CORVALLIS - That lovely week of sunshine in late December was something of a fluke, but other than that, the Pacific Northwest is following its La Nina script almost to the letter - for what may soon shape up as one of its harshest and snowiest winters in recent history.
In fact, the La Nina characteristics in the Pacific Ocean are actually intensifying even beyond what was evident last fall, said Oregon State University's George Taylor, the state climatologist.
That's a prescription for a mammoth mountain snowpack, heavier than usual precipitation, more cold weather, some heavy snow in the valleys and a better-than-average chance for spring flooding.
"The conditions that are developing this winter are about as good as it gets to produce a big snow across the whole Willamette Valley," Taylor said. "We usually get a big dump on the valley floor about half the time, and haven't had one now for three years. I think we're due."
Last summer, based on historical analysis of the types of winters the Pacific Northwest gets during La Nina years, Taylor predicted a fairly mild start to the winter except for some good rainstorms in late October and November. That's exactly what happened, and it included one "pineapple express" surge of tropical moisture that dropped 11 inches of rain on Tillamook County in a single day.
"The late December sunshine was a glitch in the forecast," Taylor said. "Before that our predictions had been right on the money. But a strong ridge of high pressure gave us many sunny days in December and even kept out the valley fog, and that was really unusual. At the start of January we got back on track."
Last August, Taylor said that early January would bring "an onslaught of winter storms that will continue for months." There's no cause now to change that prediction, he said.
Except it could be even worse than anticipated.
"This La Nina appears to be the strongest one since 1988-89 and among the top five of the century," Taylor said. "Intense La Nina events like this give us our wettest, coldest winters and the biggest snowstorms. During moderate La Ninas, more of the low-level precipitation falls as rain."
La Nina events, Taylor said, are characterized by a tongue of cool water, about five to seven degrees colder than normal, that extend thousands of miles westward across the equator in the Pacific Ocean. They affect seasonal weather all over the world. And on top of that, Taylor believes the Pacific Northwest has entered a 20-year period of cooler, wetter weather that will compound the La Nina effects.
What's highly possible, Taylor said, is that in late January or early February, the Pacific Northwest will get a good dose of cold arctic air that comes down from the north, loops out over the ocean and then comes back onshore to produce a big six- or eight-inch snowstorm in the valleys.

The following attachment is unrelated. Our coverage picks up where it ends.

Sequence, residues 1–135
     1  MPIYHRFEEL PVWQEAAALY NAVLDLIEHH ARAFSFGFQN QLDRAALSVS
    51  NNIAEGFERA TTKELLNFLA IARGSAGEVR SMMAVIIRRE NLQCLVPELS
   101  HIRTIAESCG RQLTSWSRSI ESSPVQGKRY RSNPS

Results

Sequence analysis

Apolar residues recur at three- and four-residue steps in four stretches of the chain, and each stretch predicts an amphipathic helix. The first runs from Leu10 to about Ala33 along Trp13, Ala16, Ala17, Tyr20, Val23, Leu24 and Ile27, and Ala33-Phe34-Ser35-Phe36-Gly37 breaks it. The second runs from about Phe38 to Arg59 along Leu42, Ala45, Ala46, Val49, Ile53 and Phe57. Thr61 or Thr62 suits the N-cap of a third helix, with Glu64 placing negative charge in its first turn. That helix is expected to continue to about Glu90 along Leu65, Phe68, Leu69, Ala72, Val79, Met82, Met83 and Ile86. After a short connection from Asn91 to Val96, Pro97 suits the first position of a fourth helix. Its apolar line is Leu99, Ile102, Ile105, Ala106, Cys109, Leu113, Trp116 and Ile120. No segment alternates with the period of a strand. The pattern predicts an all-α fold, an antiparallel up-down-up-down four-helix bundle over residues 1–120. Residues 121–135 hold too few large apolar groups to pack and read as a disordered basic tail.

After a somewhat slow start to the winter, the mountain snows are now making up for lost time, Taylor said, receiving a foot or more a day of snow recently at higher elevations. Santiam Pass was closed briefly by snow avalanches, traffic is snarled everywhere and as of Jan. 11 the Willamette Valley drainage area had 123 percent of its average snowpack.
On a statewide level, Taylor said, precipitation so far is about average, a little higher in the west and lower in the east. Precipitation ranges from 57 percent of average in Lake County in eastern Oregon to 128 percent of normal in the lower Columbia River and Mount Hood areas.
But from now on, the winter should worsen.
"With this intense La Nina, we're now going to get hit pretty hard for a while," Taylor said. "And it certainly sets up the potential for some spring flooding."
The most serious floods, he said, take a combination of wet winters, saturated soils, a moderate snowpack at lower elevations and then an intense, warmer storm straight out of the tropics that causes much of the lower-level snow to melt quickly. That's exactly what happened during the 1996 floods, which were considered about a 25-year flood event. But the current conditions will produce higher chances of that happening this year - not 25-1, Taylor said, but about 10-1.
"Sometimes the La Nina events give us a lot of snow and rain, but they also give us cool, wet springs that tend to melt the snow more gradually," Taylor said. "So if we don't get a pineapple express we may be able to get through the spring without major flooding."
In the meantime, it might be prudent for the kids to get their sleds ready and cross country ski enthusiasts to wax them up. A real old-fashioned valley snowstorm may be on the way - soon.